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Beyond Hour of Code

That was the title I chose for a recent workshop that Vicky Sedgwick (@VisionsByVicky) and I presented at the local Computing Using Educators (CUE) Conference in California. I had meet Vicky a few months earlier at another local CUE Conference where she was presenting a session about programming with elementary and junior high students. We chatted after the session about other platforms that students at the elementary level could use. That was prior to Hour of Code.

We kept in touch over Twitter. I attended an Edcamp conference in another neighboring county which was held after the Hour of Code event. During Edcamps the participants suggest topics and other interested teachers attend either to learn more or to help inform the teachers. I was pleasantly surprised to see that there were three sessions related to programming. The teachers were eager to get more information about teaching programming. I attended all three and was able to promote CSTA and help inform the teachers about teaching programming. I decided to apply to present at the local CUE conference about how coding could be used in other subject areas. Vicky had been considering the same topic. So we teamed up.

Our session was scheduled as the last session of the day. I was concerned, but 15 educators attended our session. They were eager to learn and we had information to provide. The session was well received and I once again promoted CSTA.

But that is not the only type of increase in interest that I have seen. In California, there has been legislation proposed to encourage computer science in elementary schools. I was able to consult with the Chief of Staff for the legislator that is authoring the legislation. Another piece of legislation that is making its way through the assembly is one that would allow districts to count computer science toward high school graduation. However, the computer science class must have the "C" designation for entrance to University of California/California State Universities. The computer science teachers will need to work as a team to get this new designation for their computer science classes.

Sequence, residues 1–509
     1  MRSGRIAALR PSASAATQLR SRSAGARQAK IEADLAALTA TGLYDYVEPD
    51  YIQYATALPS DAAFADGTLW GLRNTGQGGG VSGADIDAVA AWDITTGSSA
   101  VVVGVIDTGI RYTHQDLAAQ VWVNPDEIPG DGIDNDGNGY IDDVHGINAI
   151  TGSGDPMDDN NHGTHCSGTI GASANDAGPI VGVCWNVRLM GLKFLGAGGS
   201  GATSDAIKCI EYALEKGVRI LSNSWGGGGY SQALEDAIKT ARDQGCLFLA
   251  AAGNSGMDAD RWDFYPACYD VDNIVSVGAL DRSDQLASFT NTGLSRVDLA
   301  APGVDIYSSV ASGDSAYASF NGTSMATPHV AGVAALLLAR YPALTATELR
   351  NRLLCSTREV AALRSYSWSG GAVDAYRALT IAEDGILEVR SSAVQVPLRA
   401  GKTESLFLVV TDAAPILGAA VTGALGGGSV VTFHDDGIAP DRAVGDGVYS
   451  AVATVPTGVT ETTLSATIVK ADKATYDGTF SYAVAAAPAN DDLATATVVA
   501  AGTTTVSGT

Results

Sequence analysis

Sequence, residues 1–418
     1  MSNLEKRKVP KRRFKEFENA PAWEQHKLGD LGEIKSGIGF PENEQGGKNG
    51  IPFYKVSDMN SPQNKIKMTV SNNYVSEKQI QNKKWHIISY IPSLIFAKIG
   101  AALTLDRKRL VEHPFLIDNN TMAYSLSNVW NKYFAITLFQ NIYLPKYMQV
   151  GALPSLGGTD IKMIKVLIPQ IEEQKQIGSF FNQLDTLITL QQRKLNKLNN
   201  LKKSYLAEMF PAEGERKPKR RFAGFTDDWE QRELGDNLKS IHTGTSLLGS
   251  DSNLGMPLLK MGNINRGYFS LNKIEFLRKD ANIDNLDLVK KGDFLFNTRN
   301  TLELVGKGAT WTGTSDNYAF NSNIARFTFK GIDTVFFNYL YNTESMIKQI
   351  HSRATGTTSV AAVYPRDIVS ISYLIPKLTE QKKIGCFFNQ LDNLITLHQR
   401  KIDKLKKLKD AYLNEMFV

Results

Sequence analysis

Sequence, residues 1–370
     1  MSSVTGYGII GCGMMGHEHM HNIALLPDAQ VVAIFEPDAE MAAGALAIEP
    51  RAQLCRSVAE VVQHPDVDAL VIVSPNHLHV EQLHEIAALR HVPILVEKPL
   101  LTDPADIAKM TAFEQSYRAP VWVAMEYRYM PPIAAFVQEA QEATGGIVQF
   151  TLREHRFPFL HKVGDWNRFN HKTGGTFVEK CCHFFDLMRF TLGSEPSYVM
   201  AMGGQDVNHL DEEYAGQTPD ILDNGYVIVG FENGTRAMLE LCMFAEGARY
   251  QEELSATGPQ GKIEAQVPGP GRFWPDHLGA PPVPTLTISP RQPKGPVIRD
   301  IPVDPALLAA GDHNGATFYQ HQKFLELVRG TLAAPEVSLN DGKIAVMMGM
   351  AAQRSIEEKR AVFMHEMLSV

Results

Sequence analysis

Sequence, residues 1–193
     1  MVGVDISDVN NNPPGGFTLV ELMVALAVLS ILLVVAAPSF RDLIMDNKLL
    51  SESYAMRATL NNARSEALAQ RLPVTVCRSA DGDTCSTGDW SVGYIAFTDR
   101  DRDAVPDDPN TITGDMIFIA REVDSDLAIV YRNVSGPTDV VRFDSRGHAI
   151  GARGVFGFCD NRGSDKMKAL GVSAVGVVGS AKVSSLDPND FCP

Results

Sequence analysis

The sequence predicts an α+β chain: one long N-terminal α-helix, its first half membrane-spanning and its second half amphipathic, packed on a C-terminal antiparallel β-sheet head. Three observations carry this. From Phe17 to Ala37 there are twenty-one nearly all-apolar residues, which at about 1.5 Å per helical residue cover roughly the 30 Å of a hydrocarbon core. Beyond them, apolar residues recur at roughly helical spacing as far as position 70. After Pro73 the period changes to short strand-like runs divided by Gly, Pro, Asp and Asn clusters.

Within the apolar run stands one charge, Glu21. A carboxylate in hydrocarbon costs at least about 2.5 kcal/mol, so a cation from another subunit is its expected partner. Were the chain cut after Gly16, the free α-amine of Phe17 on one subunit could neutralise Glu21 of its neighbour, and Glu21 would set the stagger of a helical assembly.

Last year I attempted to have one of my local assemblypersons pass a resolution to recognize "Computer Science Education Week." I was unsuccessful for 2013. However, I contacted local assembly people again and found one that was willing to propose the resolution. It is now making its way through the legislature for 2014.

Do I feel the exposure of Computer Science through Hour of Code has increased the interest in computer science? I do. I want to keep this momentum going! I noticed on the Code.org website that there are six states, California included, that have legislation pending to make computer science count as math or science credit. I encourage you to visit the website and if you live in one of the states, click on the link and tell your representative that you support the legislation

What changes have you noticed since Hour of Code?

What have you been doing since Hour of Code to promote computer science? We need to keep to keep the momentum moving.

What can you do?

Myra Deister
At-Large Representative

Comments

The "c" code for UC is for math, so this is a requirement that the CS course be allowed to substitute for a math course, not a "math or science" course.

That's not a bad choice, other than that those who are going to major in CS would be better off dropping a science course in high school than dropping a math course.

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